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Real Estate, Business, Development, Urbanized, News

Rental affordability in Metro Vancouver is at 'crisis level'

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Kenneth Chan May 09, 2018 12:44 pm 4,386

More than one-in-five people in Metro Vancouver spend over 50% of their income on rent, according to the Canadian Rental Housing Index by BC Non-Profit Housing Association.

Its latest analysis of 800 cities and regions across Canada indicates 22% of renters in the Vancouver region spend more than half of their household income on housing, which puts a growing number of families and individuals at a crisis level of spending and at risk of homelessness.

Canadian Rental Housing Index, May 2018: Metro Vancouver

Canadian Rental Housing Index, May 2018: Metro Vancouver (BC Non-Profit Housing Association)

Metro Vancouver is narrowly outranked by Greater Toronto (23%), but it comes ahead of Ottawa (20%) and Greater Montreal (18%).

As for the specific municipalities with the highest share of renters spending over 50% of their income, West Vancouver tops the list at 37%, followed by Richmond Hill at 32%, Vaughan (29%), Sechelt (29%), and Markham (29%).

“Traditionally, spending 30% or less of household income on rent has been viewed as the benchmark of what is considered affordable,” said Jill Atkey, Acting CEO of the BC Non-Profit Housing Association.

“However, the data shows that spending more than 30% of income on housing has become the new normal for individuals and families in almost all areas of Canada.”

The Housing Association said that the latest data paints a worrying picture for rental housing affordability across the country.

The Index shows over 1.7 million renters spend more than the recommended affordability benchmark of 30% of gross income on rent and utilities, and of those, 795,000 renter households spend over half of their income on housing costs.

Canadian Rental Housing Index, May 2018: Metro Vancouver

Canadian Rental Housing Index, May 2018: Metro Vancouver (BC Non-Profit Housing Association)

Vancouver’s average rent including utility costs was pegged at $1,295, far behind the top Canadian municipalities of Fort McMurray at $1,805 and Whistler at $1,655. When compared with the nation’s largest municipalities, Calgary has the highest at $1,355, followed by Toronto at $1,242 and Montreal at just $835.

Here are the average rents including utilities for other municipalities within Metro Vancouver, which shows higher average rents in several municipalities outside the City of Vancouver:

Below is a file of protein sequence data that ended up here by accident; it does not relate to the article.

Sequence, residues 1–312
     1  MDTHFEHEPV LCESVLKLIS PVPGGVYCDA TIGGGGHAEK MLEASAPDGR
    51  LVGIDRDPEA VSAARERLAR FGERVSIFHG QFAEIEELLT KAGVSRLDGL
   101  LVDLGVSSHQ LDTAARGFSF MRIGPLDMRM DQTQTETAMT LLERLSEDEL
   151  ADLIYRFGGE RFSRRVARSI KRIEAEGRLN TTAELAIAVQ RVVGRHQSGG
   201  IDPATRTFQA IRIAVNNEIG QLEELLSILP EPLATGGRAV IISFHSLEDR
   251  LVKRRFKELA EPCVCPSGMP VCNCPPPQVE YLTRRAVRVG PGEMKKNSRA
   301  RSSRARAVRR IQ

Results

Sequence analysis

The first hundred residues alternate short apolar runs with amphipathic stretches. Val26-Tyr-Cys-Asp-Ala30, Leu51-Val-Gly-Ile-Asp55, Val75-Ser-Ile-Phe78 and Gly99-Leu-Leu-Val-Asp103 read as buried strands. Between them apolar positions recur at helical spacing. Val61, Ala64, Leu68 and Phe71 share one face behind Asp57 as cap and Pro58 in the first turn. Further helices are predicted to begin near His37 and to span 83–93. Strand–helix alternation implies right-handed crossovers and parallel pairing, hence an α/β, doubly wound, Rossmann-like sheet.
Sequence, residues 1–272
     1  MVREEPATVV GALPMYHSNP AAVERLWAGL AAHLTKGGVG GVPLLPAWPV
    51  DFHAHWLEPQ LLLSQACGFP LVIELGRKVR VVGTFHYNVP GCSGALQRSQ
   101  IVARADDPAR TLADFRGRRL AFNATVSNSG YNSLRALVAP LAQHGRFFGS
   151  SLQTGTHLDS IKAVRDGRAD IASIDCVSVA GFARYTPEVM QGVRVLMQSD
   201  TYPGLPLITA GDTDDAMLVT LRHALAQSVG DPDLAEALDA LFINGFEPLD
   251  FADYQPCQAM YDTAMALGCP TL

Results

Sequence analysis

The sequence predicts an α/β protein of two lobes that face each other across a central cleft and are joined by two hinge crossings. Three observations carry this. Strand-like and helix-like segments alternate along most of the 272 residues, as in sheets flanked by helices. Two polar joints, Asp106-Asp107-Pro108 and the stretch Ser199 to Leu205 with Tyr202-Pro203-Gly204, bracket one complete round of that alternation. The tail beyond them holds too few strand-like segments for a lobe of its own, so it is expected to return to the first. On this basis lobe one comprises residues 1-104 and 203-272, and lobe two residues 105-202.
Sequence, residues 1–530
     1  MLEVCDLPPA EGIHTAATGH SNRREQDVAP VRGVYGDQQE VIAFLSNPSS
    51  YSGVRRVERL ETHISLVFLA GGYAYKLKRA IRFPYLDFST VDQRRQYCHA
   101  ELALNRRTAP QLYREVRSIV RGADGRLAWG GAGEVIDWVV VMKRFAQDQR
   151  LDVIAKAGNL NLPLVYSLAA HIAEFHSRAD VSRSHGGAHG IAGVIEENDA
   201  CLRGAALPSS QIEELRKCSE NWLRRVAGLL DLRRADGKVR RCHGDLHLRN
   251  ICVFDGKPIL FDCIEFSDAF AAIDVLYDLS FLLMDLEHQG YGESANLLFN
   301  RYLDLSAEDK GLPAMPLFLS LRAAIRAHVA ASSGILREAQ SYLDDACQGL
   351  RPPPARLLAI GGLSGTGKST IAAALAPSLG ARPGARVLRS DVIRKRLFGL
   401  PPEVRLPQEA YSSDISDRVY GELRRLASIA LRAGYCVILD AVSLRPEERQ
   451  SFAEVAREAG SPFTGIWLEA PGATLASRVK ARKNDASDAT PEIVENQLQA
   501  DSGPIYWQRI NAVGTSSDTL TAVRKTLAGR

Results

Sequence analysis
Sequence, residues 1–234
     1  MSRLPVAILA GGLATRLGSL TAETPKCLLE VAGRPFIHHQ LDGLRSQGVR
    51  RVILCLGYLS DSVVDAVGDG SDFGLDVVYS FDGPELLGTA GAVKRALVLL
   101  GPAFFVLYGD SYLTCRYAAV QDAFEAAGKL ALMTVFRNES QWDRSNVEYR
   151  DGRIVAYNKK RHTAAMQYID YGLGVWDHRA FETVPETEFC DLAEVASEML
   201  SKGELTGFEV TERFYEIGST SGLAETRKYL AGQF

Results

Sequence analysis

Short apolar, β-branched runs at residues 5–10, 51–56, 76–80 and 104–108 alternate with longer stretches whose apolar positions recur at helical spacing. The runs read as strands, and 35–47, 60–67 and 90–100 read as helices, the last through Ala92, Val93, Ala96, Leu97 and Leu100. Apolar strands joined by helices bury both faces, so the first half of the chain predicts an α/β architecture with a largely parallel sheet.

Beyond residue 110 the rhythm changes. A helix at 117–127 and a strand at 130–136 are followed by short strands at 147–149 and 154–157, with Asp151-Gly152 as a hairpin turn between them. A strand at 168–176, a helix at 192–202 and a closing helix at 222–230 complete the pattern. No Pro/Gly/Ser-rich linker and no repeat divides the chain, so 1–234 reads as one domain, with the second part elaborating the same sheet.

• Burnaby: $1,170
  • Coquitlam: $1,217
  • Delta: $1,222
  • Langley City: $960
  • Langley District: $1,269
  • Maple Ridge: $1,087
  • New Westminster: $1,045
  • North Vancouver City: $1,337
  • North Vancouver District: $1,563
  • Port Coquitlam: $1,147
  • Port Moody: $1,329
  • Richmond: $1,334
  • Surrey: $1,049
  • Vancouver: $1,295
  • West Vancouver: $1,907

Meanwhile, the Index also shows that average rental costs are outpacing corresponding increases in household incomes.

Currently, for those in the low-income bracket, they would need to make an average of 204% more in income to afford rent with the standard 30% of before-tax income.

Canadian Rental Housing Index, May 2018: Metro Vancouver

Canadian Rental Housing Index, May 2018: Metro Vancouver (BC Non-Profit Housing Association)

 

“With escalating prices keeping many Canadians from affording home ownership, as well as a lack of affordable rental housing supply, more people are entering the rental market or staying in the rental market longer,” said Jeff Morrison, Executive Director of the Canadian Housing and Renewal Association.

As the cost of real estate increases, more and more people are choosing to rent.

“This marks the first time in a generation that the rate of Canadian renters has outpaced the number of Canadians buying a home, and speaks to the need to increase the supply of affordable housing.”

The Index will provide housing planners, non-profit developers, and local and regional governments across Canada with the information they need to plan for the future of affordable housing in their respective regions.

Top 10 Most Critical Rental Housing Markets (Municipal)

  1. Richmond Hill, Ontario
  2. Markham, Ontario
  3. Burnaby, BC
  4. Toronto, Ontario
  5. Mississauga, Ontario
  6. Richmond, BC
  7. Vaughan, Ontario
  8. Coquitlam, BC
  9. Whistler, BC
  10. Cote-Saint-Luc, Quebec

Top 10 Most Critical Rental Housing Markets (Regional Districts)

  1. Toronto, Ontario
  2. York, Ontario
  3. Peel, Ontario
  4. Metro Vancouver, BC
  5. Sunshine Coast, BC
  6. Squamish-Lillooet, BC
  7. Division No. 11, Alberta
  8. Greater Victoria, BC
  9. Ottawa, Ontario
  10. Middlesex, Ontario

With files from Yasmin Aboelsaud

See also

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Kenneth Chan
National Features Editor at Daily Hive, the evolution of Vancity Buzz. He covers local architecture, urban issues, politics, business, retail, economic development, transportation and infrastructure, and the travel industry. Kenneth is also a Co-Founder of New Year's Eve Vancouver. Connect with him at kenneth[at]dailyhive.com

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